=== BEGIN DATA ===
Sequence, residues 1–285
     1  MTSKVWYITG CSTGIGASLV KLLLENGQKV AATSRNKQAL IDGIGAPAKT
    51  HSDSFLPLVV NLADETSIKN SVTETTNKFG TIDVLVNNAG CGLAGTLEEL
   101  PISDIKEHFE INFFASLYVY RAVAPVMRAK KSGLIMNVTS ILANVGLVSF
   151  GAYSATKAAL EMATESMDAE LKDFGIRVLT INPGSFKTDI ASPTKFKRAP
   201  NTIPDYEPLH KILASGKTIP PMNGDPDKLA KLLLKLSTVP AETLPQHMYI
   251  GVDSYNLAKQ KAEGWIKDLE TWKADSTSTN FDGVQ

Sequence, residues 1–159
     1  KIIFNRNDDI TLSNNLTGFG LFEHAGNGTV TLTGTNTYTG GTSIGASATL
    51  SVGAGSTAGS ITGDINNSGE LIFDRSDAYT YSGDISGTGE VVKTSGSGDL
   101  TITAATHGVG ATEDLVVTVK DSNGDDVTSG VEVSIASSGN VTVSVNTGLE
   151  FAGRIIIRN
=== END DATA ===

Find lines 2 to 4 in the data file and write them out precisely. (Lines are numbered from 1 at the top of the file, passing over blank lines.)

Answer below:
     1  MTSKVWYITG CSTGIGASLV KLLLENGQKV AATSRNKQAL IDGIGAPAKT
    51  HSDSFLPLVV NLADETSIKN SVTETTNKFG TIDVLVNNAG CGLAGTLEEL
   101  PISDIKEHFE INFFASLYVY RAVAPVMRAK KSGLIMNVTS ILANVGLVSF